So, how do you know if it's the right room for you? Read the description carefully, consult a trusted travel consultant (I know, I'm starting to repeat myself, but this is very important) and then call the hotel to ask specific questions like "Can you hear the elevator from that room? "or" When does the club close under my room? "

And, at the risk of repeating myself again – ask, ask, ask.

"When I book a room, I usually make a note under special requests to ask for something – my favorite, pet room," says Simon Tam, founder and bassist of a rock band based in Portland, Oregon, and a frequent guest dell & # 39; hotel. He says that the more details you provide to the hotel, the less likely you are to be disappointed.

"Offer so many excuses to offer you the best possible service," he adds.

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What happens if they do not give you the best room?

So let's say you end up in the worst room of a hotel. C & # 39; is it a way to solve it? It's a fact, yes.

"If you arrive in your room and find that it is not ideal, first of all, do not touch anything," says frequent guest of the hotel Kenny Colvin, who runs Giant Squid Creative, a branding agency, design and consulting in the hospitality sector. "Do not unpack, do not go to the bathroom, nothing, otherwise you will make that room unsaleable that night."

Go to the front desk and ask if they have anything else available. Ask gently and smile. The worst that can happen is that they say "no".

"Remember, these people are human beings and probably have to deal with a lot of angry people," Colvin says. "If you are the bright spot of their day, they can do everything to help you."

Another way to convince the receptionist to change room: take down the loyalty card.

"Loyalty is very long," says Arik Kislin, co-owner of the Gansevoort Hotel in New York. "While we appreciate all customers, we keep track of those who frequently stay with us, who often have priority in receiving such specific accommodations."

So if you want a better room, it's simple. Plan ahead and talk to a travel consultant, make an inventory of the needs of your room and then negotiate – well. Do it and you'll have the chance to avoid the worst room in the house.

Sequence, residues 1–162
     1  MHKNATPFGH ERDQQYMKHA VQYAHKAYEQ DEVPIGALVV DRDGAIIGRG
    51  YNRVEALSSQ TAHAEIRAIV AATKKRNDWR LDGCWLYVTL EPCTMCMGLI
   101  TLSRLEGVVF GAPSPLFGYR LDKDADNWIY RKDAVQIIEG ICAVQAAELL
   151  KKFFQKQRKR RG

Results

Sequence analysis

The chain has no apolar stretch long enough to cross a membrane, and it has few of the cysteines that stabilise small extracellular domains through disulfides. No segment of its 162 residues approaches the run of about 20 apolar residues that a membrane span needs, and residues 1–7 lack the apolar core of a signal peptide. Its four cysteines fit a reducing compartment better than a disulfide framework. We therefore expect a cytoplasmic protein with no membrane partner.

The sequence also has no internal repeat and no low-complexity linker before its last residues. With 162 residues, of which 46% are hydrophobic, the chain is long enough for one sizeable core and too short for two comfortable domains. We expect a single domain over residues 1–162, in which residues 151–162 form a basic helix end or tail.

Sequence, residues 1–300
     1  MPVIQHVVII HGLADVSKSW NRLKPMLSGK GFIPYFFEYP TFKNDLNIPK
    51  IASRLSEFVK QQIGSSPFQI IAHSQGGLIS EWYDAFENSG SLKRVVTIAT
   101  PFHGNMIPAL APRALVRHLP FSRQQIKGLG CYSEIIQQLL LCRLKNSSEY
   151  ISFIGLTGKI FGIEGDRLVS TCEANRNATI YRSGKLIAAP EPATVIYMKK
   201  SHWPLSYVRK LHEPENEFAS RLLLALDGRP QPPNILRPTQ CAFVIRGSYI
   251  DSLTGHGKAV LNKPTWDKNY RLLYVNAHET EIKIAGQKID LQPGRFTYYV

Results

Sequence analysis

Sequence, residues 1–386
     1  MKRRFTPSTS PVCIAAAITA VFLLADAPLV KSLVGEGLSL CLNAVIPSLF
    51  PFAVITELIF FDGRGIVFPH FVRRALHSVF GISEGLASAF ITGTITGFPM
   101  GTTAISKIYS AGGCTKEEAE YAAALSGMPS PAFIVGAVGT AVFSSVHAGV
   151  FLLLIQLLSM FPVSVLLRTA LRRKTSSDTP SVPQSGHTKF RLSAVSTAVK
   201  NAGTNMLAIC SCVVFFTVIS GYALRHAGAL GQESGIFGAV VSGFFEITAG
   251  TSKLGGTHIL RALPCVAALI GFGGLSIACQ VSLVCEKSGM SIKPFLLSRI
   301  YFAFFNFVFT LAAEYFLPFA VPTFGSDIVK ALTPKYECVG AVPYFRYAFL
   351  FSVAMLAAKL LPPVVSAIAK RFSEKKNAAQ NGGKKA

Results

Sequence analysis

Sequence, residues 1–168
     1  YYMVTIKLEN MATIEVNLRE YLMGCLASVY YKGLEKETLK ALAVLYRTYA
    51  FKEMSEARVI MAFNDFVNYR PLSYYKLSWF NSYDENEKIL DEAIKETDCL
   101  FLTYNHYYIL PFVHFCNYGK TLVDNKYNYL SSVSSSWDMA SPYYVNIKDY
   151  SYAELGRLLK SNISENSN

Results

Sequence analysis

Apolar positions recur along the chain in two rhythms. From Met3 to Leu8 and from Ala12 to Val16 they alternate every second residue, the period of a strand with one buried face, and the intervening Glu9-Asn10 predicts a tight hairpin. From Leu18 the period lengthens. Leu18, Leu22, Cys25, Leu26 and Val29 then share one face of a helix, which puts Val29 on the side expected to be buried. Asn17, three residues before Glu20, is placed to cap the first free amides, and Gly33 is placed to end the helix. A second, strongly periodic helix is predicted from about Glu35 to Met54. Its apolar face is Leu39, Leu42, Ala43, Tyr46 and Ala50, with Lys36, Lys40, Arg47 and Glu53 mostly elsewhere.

Suggestions for getting an even better room

• Note the age of the hotel: Older is the hotel, "less comfortable and older will be the bed" was the experience of Daniella Flores, personal finance blogger for the site He recommends looking for new and more luxurious properties such as the new Hilton chains and Westin hotel chains.

• Do not forget security: Comfort is not everything, says Scott Hume, vice president of travel risk operations and Global Rescue crisis management company. "Keep security in mind," he warns. The safest rooms are located on the side of the hotel farthest from the main entrance, located above ground level but not on the top floor (nothing higher than the sixth floor), without a balcony and not overlooked by another room.

• Use a rebooking site: Sites like or can help you get an upgrade, says Sam Olmsted, a consultant for La Galerie Hotel, a boutique hotel in the French Quarter of New Orleans. "They look at the reservations you've already made: if a nicer room opens at that price, you're automatically switched and updated," he adds.

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Christopher Elliott is a consumer lawyer. Contact him at [email protected] or visit